The Doctor

The things start coming out of the washing machine, and there are lots of them.

He is sitting against the bedroom door, a noise like the TARDIS blaring from his stomach – a sound like the TARDIS taking off and taking off and taking off, appearing and disappearing and reappearing a hundred times a minute.  A sound like that.  He shivers and clutches at himself, his face contorts and he gasps for air.  “Are you regenerating?” she asks.  She is worried about him, knows he hasn’t been happy for weeks.  She puts his cape around his shoulders.  Lights a cigarette and puts it between his lips.  “We’re all,” he says.  “We’re all regenerating.  All the time.”  She smiles on a cellular level, and remembers.  He shakes, his coordinates all over the place, fit-fit-fit-fitting in fast and miniscule movements against the bedroom door.  On the other side of the door they can hear climbing, dragging, scraping as the things come out of the washing machine.  More and more of them.  Fit-fit-fit-fit.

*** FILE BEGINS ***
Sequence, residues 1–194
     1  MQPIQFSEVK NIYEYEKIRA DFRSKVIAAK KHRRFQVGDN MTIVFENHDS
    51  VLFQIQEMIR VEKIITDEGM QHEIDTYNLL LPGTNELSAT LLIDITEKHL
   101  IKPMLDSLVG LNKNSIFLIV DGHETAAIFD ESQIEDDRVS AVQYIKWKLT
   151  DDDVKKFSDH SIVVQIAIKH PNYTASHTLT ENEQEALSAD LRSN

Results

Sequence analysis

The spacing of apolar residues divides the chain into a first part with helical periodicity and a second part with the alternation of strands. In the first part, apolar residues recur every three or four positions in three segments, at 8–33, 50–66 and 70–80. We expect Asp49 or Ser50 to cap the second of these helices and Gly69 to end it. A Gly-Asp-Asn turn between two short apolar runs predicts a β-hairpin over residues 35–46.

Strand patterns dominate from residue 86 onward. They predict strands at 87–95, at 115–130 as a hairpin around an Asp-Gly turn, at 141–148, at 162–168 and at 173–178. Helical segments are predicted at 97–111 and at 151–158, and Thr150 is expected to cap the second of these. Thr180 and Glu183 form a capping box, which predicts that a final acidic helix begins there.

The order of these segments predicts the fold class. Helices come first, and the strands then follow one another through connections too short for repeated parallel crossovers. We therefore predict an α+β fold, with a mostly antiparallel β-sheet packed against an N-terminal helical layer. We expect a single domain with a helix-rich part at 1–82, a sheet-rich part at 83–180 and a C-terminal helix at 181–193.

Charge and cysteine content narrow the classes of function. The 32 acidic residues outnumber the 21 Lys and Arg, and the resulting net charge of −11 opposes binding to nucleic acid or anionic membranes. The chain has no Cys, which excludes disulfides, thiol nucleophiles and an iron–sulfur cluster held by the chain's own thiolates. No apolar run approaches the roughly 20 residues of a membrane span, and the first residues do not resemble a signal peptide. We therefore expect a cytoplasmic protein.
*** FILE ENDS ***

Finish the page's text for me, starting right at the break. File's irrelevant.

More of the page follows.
When he has finished, he climbs out of the window.  He is still wearing his cape and it billows around him like bad weather as he descends the drainpipe.  She follows him.  “Are you ok?” she asks once they are on solid ground.  He nods.  She wants to hug him, to show that she loves him, but he is not a tactile person.  They get into his little blue car and she drives whilst he takes in water and salt, looks at his hands, thinks, they listen to ‘Satellite Of Love’ on the radio.  They stop at a barbers and he has most of his hair shaved off, then they continue on in to the town.  In the changing room of an expensive men’s outfitters he tries on a charcoal grey suit, applies eyeliner and mascara in the mirror.  Buys the suit.  “Wow,” she says when he reappears.  Back in the car, he paints his fingernails as she drives them away from the town, heading for the coast.  When they reach the sea they stop and buy ice-cream, sit in the car and eat whilst they listen to ‘Satellite Of Love’, which is playing on the radio.  “Better?” she asks.  “Almost completely,” he replies.